As always, I love the brick-built figures you come up with! This one really does a great job adapting Andrea's signature color scheme and musical flair, and apart from the parts you used from this set I love the use of tires as poofy afro-textured hair!

    ReplyDelete
    Replies
    1. Yes, real-life architecture can be hugely dull to build in LEGO form - and to look at too sometimes!

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    2. Thanks Andrew!

      It's not having wide variety of features that bugs me here. Many of my favourite buildings, such as Finnish "malleable" plastered architecture of 1900-1905 or Amsterdam School expressionism are full of oddities and elements! Also it is logical for such set to have many features due to floor plan, and all three - garage door, portico and bay window have good reason to be here. I just wished the elements had more hierarchy and some more serene, balancing areas in-between. Of course, it is hard on set of this scale, without busting the budget.

      Looking back it now, I think the biggest issue is the gable above the bay window. It is almost identical to the gable above the garage, but bit different - and its round window is oddly behind the bay window roof. I don't have the set built, but I made a little experiment with photoshop. I think it could look decent, only if the dome above the bay window was bit larger:

      https://brickshelf.com/gallery/pate-possu/avad/testi.jpg

      On other topic, I think McMansion is logical style for Friends houses, as both are plastic and with limited lifespan! I wish +18 range would include set with real wooden log bricks and cheese slope shingles, natural stone burps and ceramic roof slopes for us to build real corps de logis worth of Arts & Crafts ideal of real materials! Until then, plastic is the way.

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  2. LOL I was waiting for the "lawyer foyer" but instead we get a sensible bathroom above the entryway!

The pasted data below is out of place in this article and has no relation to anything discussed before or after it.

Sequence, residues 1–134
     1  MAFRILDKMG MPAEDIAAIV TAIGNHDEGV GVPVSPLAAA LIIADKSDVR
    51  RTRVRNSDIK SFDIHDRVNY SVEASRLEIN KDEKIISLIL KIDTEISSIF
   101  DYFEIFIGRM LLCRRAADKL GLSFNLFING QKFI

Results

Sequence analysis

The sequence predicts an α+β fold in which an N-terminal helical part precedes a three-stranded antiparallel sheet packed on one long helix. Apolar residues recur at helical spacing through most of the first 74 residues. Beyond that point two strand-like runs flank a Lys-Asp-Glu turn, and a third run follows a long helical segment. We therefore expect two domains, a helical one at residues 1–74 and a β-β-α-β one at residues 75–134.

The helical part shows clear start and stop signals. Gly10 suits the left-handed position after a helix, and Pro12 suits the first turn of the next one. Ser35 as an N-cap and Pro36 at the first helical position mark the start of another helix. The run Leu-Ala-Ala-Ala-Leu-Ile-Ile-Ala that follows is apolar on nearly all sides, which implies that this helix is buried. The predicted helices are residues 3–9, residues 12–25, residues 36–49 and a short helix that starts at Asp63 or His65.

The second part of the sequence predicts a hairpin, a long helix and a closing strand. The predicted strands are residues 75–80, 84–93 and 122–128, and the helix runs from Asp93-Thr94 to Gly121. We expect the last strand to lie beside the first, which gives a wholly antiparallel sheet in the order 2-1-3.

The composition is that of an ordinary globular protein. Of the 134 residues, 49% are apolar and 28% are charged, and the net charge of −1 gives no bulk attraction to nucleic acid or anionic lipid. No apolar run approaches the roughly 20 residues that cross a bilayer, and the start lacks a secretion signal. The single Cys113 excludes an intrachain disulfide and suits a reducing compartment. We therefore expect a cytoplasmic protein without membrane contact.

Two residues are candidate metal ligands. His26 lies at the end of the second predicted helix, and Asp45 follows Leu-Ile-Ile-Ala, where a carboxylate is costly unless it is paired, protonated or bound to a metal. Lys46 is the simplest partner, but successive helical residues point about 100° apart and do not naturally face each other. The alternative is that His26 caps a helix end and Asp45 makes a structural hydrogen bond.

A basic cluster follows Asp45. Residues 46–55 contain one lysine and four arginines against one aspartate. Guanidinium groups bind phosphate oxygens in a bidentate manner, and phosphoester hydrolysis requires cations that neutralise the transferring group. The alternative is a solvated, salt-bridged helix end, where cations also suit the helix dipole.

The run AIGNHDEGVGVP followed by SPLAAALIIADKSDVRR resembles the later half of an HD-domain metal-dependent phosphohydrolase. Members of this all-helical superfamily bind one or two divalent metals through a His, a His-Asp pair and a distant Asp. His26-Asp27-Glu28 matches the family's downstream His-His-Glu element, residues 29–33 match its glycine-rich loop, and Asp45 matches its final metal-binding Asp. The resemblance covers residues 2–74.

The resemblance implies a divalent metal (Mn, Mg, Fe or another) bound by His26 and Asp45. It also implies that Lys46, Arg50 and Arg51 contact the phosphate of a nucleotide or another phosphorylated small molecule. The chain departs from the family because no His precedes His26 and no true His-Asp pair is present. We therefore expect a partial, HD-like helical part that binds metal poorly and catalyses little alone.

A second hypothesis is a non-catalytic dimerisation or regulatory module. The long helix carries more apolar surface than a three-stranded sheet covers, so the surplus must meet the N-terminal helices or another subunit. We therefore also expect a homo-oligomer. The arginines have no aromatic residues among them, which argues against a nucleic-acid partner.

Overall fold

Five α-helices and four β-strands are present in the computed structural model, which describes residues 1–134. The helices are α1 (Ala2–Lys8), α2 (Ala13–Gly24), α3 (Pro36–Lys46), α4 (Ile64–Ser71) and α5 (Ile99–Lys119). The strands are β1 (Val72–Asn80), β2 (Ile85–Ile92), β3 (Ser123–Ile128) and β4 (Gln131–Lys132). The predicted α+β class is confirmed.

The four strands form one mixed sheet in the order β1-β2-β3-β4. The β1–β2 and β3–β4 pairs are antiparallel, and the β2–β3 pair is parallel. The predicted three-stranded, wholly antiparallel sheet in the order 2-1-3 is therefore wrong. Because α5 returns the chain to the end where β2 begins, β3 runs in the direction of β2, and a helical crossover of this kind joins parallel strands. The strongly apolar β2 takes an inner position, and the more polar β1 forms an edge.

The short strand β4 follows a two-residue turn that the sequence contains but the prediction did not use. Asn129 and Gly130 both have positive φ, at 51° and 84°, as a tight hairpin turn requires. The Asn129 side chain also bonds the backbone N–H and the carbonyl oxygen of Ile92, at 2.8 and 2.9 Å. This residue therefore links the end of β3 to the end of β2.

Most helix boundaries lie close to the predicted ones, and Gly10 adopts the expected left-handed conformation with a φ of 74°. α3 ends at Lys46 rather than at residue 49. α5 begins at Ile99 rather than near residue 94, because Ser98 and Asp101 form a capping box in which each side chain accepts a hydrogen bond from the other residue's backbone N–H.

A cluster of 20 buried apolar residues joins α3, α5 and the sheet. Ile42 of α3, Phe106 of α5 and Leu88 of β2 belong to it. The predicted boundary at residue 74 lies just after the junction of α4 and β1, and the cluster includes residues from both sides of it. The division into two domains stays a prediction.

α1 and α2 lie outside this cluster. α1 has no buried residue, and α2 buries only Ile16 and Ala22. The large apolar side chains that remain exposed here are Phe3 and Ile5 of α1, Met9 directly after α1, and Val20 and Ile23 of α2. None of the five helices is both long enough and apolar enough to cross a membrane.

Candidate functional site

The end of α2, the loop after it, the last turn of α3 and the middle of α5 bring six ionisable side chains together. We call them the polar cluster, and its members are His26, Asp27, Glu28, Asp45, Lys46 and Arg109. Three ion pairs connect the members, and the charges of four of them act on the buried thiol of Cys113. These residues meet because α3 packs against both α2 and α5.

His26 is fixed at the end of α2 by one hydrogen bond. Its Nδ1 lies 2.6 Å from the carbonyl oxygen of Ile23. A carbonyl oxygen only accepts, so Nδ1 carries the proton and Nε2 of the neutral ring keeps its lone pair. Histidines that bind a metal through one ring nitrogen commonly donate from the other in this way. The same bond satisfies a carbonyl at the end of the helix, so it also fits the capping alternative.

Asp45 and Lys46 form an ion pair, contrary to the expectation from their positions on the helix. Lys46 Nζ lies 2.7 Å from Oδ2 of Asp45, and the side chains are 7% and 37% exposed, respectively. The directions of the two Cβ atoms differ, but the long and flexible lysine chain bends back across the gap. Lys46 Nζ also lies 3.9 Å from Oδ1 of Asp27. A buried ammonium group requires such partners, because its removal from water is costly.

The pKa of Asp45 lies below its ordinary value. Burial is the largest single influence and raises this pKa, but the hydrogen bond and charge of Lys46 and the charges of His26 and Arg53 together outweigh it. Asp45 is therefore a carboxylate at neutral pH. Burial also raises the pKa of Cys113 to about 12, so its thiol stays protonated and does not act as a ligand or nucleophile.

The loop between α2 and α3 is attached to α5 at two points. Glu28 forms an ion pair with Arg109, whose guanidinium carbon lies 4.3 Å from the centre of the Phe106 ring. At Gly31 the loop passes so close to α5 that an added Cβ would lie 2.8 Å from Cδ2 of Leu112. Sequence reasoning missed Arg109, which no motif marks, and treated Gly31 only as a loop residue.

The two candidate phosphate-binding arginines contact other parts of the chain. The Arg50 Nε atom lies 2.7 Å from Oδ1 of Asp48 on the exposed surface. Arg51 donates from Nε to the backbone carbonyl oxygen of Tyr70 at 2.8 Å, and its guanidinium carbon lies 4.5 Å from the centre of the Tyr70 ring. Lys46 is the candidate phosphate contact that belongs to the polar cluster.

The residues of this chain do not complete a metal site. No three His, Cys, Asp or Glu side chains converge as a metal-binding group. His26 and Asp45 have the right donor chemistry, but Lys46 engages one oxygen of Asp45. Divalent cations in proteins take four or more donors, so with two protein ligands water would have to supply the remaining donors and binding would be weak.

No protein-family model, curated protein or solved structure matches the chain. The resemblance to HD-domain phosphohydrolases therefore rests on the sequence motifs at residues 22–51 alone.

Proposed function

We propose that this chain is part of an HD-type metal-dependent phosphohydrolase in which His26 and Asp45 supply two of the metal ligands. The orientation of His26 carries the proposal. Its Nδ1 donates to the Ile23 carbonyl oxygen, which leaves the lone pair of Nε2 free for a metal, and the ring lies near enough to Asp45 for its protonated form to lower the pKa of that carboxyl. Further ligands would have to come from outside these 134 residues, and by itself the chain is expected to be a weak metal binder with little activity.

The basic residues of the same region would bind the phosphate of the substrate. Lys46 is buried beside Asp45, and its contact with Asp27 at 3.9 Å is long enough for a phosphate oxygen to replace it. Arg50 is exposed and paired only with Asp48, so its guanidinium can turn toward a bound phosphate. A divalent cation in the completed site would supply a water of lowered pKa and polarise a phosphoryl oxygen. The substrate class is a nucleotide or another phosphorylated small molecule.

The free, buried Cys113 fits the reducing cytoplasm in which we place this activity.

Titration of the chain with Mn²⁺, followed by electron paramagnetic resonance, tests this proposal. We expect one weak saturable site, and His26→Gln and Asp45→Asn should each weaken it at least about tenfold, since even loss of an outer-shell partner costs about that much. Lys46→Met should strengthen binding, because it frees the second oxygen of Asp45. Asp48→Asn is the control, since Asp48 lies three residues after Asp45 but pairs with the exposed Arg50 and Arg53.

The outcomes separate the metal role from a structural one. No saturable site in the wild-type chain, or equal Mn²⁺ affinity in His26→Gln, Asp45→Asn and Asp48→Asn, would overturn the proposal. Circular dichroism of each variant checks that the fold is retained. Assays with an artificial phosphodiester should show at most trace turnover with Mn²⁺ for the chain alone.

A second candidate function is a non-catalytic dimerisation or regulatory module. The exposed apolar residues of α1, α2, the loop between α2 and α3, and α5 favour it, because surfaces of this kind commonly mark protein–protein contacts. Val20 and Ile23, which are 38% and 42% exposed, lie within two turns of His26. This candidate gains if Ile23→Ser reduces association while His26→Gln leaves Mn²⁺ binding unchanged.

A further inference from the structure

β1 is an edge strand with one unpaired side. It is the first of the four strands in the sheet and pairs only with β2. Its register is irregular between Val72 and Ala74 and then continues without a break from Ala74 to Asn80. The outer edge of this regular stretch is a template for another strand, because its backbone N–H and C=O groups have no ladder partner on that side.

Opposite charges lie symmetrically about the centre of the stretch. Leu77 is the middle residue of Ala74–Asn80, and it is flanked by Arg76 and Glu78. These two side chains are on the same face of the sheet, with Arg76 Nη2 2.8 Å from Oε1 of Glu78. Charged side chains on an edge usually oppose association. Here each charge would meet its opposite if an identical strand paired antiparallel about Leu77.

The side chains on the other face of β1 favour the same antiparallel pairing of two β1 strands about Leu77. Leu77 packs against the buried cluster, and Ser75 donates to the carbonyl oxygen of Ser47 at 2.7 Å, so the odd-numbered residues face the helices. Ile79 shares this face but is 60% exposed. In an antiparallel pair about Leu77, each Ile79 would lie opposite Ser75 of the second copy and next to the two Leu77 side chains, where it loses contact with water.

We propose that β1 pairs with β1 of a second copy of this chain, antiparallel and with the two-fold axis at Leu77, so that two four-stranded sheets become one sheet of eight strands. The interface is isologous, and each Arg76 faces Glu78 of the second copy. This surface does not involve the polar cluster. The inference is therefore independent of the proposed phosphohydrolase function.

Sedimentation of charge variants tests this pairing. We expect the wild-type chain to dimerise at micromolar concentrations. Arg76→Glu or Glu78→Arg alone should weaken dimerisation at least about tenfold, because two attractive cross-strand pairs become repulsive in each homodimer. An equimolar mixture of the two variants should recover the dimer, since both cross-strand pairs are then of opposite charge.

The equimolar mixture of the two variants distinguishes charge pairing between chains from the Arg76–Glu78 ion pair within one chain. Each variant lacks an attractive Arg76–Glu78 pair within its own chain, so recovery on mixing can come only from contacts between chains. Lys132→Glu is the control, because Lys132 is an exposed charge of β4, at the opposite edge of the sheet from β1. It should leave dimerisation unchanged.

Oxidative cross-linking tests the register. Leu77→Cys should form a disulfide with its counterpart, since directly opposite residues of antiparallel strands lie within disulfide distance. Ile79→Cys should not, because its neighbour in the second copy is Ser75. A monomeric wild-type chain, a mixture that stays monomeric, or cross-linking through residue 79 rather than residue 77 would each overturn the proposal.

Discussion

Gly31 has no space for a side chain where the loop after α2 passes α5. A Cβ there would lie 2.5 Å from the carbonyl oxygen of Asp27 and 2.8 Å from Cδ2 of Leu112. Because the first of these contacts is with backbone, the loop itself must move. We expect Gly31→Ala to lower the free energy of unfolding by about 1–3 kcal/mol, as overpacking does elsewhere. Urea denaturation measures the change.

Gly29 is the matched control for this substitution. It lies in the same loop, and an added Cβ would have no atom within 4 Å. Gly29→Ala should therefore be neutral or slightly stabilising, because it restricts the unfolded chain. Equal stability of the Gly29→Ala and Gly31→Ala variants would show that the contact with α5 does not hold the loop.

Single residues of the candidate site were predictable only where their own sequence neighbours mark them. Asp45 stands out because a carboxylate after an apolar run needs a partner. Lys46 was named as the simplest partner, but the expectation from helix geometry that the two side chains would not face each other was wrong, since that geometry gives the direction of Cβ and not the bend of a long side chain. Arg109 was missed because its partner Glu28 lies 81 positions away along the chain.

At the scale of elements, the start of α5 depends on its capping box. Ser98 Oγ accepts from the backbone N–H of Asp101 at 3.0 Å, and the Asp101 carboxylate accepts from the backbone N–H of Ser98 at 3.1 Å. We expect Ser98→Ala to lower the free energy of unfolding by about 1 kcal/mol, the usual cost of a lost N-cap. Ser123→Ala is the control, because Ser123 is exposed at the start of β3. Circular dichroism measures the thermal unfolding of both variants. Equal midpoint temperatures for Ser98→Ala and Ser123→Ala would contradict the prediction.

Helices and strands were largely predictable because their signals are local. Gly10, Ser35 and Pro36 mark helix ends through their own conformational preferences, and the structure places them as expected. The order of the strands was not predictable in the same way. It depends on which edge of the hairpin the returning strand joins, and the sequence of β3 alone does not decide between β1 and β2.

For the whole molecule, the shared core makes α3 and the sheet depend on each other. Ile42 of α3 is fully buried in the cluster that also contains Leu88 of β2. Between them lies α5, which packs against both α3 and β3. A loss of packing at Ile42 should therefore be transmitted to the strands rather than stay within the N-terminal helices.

I can appreciate the lack of roof and the swing-out kitchen parts as they will really increase playability. I know this is an AFOL site, but having a kiddo of my own who is starting to play with Lego really makes me appreciate how much they put into making these toys that are fun -all the side builds and little accessories really work with that goal too.

    Thanks for the review!

    ReplyDelete
    Replies
    1. oh a lawyer foyer would have been hilarious!

      Yes, our adult critique of this set is just a bit of fun.

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  3. This is just lazy design. Yes it is playable but it looks like something that was knocked up quickly from a pile of spare parts in an oddments drawer. It's ragged and unrefined, first prototype rushed into production. Good design need not be boring, plenty of other Lego sets score on design and playability.

    ReplyDelete
    Replies
    1. This seems... incredibly harsh. Even for sets I dislike, I would never imply that the designers were lazy just because it doesn't suit my particular taste. All design is a matter of priorities and often the ones that an AFOL might consider important are secondary to factors like a simple and satisfying building experience for kids and a structure that's conducive to role play rather than realism. None of that means that any less care or attention was devoted to its design than any other set.

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    2. Yes, +1 on that... I don't speak for Eero but pretty certain his stern architectural critique was tongue-in-cheek! And the idea that TLG would put out anything that was a first prototype is bizarre